Prior to 1976,60 cases were reported in which the clinical picture resembled pityriasis lichenoides et varioliformis acuta or pityriasis lichenoides chronica, and the histological picture was suggestive of lymphoma.1 In 1966, Verallo and Haserick2 first reported the association of two cases of Mucha-Habermann's disease that had a histological picture suggesting lymphoma cutis.2 The term "lymphomatoid papulosis" was first used by Macaulay in 1968 to describe this paradox.3 More recently, three additional cases have been reported associated with an erythroderma,4 and parapsoriasis en plaque.4,5 Lymphomatoid papulosis has been reported in association with amoebic dysentery, Hashimoto's thyroiditis, subacute glomerulonephritis, pulmonary tuberculosis, hypothyroidism, pernicious anemia, iron deficiency anemia and rheumatoid arthritis, recurrent tonsillitis, and rheumatoid arthritis.1 We report the first known case of lymphomatoid papulosis in an immune-suppressed renal transplant recipient.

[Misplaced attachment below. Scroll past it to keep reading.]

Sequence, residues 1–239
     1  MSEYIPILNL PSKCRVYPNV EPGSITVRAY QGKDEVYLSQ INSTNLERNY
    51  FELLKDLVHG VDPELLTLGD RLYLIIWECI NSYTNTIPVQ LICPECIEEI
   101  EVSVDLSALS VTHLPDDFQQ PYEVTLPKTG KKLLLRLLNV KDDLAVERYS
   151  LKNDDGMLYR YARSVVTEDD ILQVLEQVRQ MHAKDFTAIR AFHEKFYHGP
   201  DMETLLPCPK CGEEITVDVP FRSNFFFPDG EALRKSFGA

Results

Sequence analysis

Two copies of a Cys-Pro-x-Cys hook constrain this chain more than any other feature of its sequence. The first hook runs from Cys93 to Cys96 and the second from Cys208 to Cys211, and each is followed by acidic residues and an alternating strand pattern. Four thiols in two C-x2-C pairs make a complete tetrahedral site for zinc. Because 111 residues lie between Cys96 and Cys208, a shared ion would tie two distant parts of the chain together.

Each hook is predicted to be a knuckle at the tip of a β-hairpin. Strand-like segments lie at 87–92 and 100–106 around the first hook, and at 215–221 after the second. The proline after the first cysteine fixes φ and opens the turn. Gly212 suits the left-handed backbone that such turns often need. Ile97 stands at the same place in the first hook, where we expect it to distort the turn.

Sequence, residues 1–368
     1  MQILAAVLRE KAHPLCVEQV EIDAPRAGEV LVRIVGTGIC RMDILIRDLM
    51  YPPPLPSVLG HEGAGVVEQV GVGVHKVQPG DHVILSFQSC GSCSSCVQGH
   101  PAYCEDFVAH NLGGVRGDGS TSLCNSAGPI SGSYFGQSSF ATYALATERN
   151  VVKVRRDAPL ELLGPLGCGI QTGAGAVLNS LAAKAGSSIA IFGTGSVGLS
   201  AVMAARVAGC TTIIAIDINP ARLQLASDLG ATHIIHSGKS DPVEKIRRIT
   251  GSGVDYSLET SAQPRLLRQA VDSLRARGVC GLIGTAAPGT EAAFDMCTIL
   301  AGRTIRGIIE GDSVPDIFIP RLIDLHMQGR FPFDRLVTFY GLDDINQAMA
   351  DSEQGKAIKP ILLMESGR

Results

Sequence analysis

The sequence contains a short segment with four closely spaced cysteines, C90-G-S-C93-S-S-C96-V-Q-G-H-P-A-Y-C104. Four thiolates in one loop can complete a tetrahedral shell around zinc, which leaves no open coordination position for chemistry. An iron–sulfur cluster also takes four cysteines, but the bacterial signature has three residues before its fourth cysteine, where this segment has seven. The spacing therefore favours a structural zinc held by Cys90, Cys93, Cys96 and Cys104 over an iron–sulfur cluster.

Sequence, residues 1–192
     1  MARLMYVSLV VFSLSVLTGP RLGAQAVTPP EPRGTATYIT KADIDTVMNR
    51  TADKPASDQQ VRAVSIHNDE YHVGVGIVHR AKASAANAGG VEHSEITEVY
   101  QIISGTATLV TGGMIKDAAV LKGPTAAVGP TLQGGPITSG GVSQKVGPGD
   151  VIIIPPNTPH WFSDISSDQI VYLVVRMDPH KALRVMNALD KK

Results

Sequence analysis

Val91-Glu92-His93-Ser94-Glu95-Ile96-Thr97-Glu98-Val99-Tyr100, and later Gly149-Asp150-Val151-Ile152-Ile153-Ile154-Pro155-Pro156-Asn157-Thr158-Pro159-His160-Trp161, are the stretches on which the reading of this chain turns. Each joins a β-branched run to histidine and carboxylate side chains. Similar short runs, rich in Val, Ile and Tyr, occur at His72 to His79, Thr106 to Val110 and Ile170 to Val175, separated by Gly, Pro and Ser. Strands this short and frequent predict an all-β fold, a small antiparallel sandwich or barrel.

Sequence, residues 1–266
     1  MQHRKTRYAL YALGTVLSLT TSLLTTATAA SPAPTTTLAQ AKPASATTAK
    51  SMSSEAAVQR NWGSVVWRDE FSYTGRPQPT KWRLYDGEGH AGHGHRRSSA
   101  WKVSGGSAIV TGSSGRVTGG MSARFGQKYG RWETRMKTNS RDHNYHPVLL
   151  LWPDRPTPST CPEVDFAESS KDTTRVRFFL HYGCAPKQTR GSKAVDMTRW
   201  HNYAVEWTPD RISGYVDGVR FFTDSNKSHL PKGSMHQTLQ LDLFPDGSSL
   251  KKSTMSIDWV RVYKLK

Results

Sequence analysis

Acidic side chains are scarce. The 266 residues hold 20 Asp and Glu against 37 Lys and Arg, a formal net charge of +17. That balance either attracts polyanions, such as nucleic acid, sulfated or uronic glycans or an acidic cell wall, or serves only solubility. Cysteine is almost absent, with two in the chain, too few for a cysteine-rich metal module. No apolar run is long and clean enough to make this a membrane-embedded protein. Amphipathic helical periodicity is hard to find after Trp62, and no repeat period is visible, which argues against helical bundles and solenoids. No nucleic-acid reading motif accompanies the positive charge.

Report of a Case
A 51-year-old man was seen in January 1971, and the diagnosis
Beeaff D, Zugerman C, Roenigk HH, Hasegawa J. Lymphomatoid Papulosis Occurring in a Renal Transplant Patient. Arch Dermatol. 1979;115(4):498. doi:10.1001/archderm.1979.04010040076024
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